Friday June 23, 2006

This I Believe #12

...that automatic language identification systems, which attempt to determine what language a sample of unknown text is written in, needlessly endanger the sanity and survival of the human race.  In particular, such systems fail to take into account that some knowledge has been wisely hidden away from human eyes for millennia, and that such dangerous knowledge is generally preserved in one of a handful of ancient, disturbingly alien languages.

Consider a scenario.  For your Outer Classics dissertation, you're researching certain, shall we say, difficult-to-obtain texts of questionable provenance.  As you flip through a moldering copy of the Pnakotic Manuscripts, a single sheet of parchment, made of oddly familiar-feeling leather, drops out onto your desk.  You pick the sheet up and are just able to make out queer, unfamiliar, somehow disquieting characters written in some kind of dark brown ink.

Your curiosity piqued, you fire up your computer and head to your favorite language identification site.  You painstakingly enter the characters (which is only possible thanks to the hubris of those rash madmen at the Unicode Consortium), then, with a faint tremor in your hand, you click the button labeled "Submit", unaware of just how terrifyingly approriate that label is.

What should the language identification system return?  Given the commitment of computational linguists to science (bah!) and truth (naive fools!), you're likely to receive an accurate answer: Atlantean, Old Lomarian, or even, heaven help you, Yithese.  Who knows where this first hint will lead you and what ancient secrets, long lost in the mists of an inhuman prehistory, you might uncover?

It would be better, instead, if the creators of language identification systems designed them to return a stern warning in such a case:

Some knowledge is too terrifying for merely mortal minds to safely contain.  You may have stumbled upon such knowledge.  For the sake of humanity, burn the original, scatter its ashes, forget that you ever saw it, and retreat, ignorant, into the safety of a new dark age!

We'd all of us be safer if such practices were universally adopted.  At least you would be safe, gentle reader, for I fear my fate is sealed.  Had I but known the horror that awaited me in that accursed tome, wisely concealed deep in the bowels in the linguistics library...

I am The Tensor, and I approve this post.
10:49 PM in Linguistics in SF , This I Believe | Submit: | Links:

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Comments

XRCE's identifier thinks "Ia! Ia! Cthulhu Fthagn! Ph'nglui mglw'nfah Cthulhu R'lyeh wgah'nagl fhtagn!" is Irish. That strikes me as a safer answer, really—a red herring is less of a goad to curiosity than a dire warning is.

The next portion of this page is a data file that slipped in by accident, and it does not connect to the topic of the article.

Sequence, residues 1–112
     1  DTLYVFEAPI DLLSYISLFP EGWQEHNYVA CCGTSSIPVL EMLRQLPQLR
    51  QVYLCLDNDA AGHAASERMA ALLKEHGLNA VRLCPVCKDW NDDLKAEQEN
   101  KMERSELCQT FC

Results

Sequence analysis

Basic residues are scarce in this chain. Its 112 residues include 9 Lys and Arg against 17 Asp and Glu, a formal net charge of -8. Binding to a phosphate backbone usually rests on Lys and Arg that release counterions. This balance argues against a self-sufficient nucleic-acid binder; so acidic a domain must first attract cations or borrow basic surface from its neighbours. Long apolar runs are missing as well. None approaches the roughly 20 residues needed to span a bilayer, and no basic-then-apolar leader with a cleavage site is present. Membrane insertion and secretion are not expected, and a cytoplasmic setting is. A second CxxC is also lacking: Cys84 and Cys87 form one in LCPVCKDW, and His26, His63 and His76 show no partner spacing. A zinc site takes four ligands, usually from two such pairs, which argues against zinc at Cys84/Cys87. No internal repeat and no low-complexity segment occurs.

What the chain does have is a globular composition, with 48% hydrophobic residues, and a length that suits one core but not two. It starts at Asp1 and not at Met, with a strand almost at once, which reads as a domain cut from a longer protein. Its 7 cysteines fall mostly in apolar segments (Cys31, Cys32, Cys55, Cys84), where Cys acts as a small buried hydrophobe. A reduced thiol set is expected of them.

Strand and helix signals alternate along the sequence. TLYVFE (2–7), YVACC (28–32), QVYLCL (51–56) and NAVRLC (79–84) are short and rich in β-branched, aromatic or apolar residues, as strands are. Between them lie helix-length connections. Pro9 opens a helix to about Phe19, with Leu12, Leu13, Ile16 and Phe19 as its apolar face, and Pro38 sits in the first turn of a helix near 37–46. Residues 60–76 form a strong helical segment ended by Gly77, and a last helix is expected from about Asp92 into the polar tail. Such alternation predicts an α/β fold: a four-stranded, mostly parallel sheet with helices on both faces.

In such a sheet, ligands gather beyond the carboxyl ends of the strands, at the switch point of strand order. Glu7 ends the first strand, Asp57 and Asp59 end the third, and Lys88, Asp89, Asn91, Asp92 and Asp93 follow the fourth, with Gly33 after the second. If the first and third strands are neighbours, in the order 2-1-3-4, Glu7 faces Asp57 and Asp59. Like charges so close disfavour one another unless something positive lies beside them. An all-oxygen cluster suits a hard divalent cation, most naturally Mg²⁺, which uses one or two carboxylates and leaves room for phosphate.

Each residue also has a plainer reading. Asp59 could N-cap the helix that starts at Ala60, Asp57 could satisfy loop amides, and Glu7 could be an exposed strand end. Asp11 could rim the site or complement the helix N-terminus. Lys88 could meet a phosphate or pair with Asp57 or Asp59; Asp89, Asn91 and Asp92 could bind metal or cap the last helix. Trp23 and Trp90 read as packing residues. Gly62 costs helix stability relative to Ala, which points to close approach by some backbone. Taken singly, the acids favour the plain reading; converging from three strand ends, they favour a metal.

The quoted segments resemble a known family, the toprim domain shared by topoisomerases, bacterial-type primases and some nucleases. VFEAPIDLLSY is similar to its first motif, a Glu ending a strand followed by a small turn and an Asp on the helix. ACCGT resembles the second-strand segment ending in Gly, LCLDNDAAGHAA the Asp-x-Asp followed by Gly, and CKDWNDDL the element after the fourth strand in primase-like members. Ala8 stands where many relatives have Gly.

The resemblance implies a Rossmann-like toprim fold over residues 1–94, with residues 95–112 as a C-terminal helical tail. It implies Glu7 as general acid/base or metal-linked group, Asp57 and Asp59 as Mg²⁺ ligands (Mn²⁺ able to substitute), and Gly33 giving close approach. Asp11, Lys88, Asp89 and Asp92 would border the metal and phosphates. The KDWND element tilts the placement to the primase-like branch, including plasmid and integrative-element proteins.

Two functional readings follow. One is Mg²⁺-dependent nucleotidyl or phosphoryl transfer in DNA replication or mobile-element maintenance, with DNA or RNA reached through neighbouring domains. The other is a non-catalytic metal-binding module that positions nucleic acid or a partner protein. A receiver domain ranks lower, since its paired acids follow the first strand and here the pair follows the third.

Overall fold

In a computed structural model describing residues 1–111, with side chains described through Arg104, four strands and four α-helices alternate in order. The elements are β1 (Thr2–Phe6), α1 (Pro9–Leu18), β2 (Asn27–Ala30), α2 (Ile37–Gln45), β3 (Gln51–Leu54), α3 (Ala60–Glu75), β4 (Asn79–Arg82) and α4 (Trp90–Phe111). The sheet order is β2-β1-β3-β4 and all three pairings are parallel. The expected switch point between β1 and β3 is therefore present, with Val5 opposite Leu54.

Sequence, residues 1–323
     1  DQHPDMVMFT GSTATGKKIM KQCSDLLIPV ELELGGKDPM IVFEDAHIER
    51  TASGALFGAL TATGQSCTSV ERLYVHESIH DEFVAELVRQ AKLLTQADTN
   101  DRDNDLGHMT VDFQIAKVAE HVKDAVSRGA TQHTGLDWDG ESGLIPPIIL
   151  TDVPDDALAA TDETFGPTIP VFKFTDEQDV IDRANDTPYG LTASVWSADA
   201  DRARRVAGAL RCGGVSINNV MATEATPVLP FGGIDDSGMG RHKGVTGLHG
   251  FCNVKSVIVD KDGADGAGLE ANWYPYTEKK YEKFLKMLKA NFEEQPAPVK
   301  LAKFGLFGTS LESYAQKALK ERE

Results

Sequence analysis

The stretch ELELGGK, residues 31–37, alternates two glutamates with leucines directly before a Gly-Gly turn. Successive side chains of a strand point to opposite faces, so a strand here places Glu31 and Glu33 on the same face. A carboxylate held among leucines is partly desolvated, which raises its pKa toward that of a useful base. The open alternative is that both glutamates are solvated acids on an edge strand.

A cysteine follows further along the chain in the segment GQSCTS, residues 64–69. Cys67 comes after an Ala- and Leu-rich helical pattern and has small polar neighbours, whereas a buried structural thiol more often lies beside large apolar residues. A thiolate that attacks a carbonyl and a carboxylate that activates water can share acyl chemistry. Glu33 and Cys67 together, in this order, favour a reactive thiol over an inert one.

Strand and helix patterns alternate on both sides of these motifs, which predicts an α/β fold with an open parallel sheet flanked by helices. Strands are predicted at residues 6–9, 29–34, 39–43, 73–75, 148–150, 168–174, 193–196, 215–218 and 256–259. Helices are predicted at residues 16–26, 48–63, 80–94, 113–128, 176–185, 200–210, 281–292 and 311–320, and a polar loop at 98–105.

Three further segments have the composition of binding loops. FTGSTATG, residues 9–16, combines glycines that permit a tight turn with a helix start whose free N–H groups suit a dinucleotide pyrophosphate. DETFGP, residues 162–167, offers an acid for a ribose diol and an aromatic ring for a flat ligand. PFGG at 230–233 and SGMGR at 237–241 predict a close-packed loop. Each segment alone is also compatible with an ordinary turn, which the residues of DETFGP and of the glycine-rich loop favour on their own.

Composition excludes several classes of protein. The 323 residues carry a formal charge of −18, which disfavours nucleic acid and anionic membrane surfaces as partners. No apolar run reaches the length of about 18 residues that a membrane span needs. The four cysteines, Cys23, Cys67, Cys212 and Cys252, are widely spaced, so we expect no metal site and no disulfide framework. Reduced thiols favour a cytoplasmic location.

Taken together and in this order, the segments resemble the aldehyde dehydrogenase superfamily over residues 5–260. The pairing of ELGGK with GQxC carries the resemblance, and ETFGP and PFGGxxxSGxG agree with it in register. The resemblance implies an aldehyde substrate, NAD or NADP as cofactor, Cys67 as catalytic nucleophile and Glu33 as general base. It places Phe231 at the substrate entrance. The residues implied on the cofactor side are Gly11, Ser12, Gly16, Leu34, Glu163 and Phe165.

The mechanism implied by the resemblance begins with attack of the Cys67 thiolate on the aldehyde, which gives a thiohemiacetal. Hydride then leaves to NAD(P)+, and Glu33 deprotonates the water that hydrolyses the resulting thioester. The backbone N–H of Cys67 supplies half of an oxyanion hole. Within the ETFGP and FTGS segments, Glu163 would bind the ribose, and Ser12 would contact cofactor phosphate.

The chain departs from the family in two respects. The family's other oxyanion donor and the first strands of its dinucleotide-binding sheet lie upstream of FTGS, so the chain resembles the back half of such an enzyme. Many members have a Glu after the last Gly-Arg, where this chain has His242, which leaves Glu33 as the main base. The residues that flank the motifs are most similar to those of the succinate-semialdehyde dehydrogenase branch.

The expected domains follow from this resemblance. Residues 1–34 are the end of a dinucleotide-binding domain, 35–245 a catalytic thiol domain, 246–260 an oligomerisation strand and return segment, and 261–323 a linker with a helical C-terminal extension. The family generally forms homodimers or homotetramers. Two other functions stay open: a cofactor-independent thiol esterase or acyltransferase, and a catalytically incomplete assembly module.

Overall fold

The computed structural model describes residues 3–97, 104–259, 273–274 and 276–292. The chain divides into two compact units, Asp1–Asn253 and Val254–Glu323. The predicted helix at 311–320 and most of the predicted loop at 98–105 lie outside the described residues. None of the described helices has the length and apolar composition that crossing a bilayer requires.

Posted by: Q. Pheevr at Jun 24, 2006 10:59:56 AM

Many language guessing systems have been compromised, or perhaps “protected” is a better term, to prevent the kind of accidental acquisition of inappropriate knowledge.

For those guessing systems that have not been hacked “protected”, there is an unnameable artform that is practiced by those who must safeguard such knowledge.. writing in such a way that the language is consistently identified incorrectly.

For example, see a certain letter to the editor at SpecGram (search for “Anot Lanywassufte”). The text is clearly not English, but pretty much any language identifier will tell you that it strongly identifies as English. It's a difficult task to pull off, but excellent examples are things of meta-poetic beauty, it is vaguely akin to triolet, but taken to a meta-meta-level.

By the way, I can’t reveal what the text of the letter says, and I recommend against reading it aloud unless you are standing in a properly constructed pentagram of protection.

Posted by: Trey at Jun 26, 2006 6:04:51 AM

"XRCE's identifier thinks "Ia! Ia! Cthulhu Fthagn! Ph'nglui mglw'nfah Cthulhu R'lyeh wgah'nagl fhtagn!" is Irish."

That can be easily explained. For about six years ago, I translated S. Albert Kivinen's piece of parodic Cthulhu fan fiction, Keskiyön Mato Ikaalisissa ("The Midnight Worm in Ikaalinen") from Finnish into Irish and made it accessible on the Internet (as Péist an Mheán Oíche). Probably they used that story as input material for their identifier.

Posted by: Panu at Jan 22, 2008 5:19:03 AM

XRCE's identifier thinks "Ia! Ia! Cthulhu Fthagn! Ph'nglui mglw'nfah Cthulhu R'lyeh wgah'nagl fhtagn!" is Irish.

Because you can't even spell , that is. May you be eaten next to last.

Posted by: David Marjanović at Sep 5, 2008 4:04:38 PM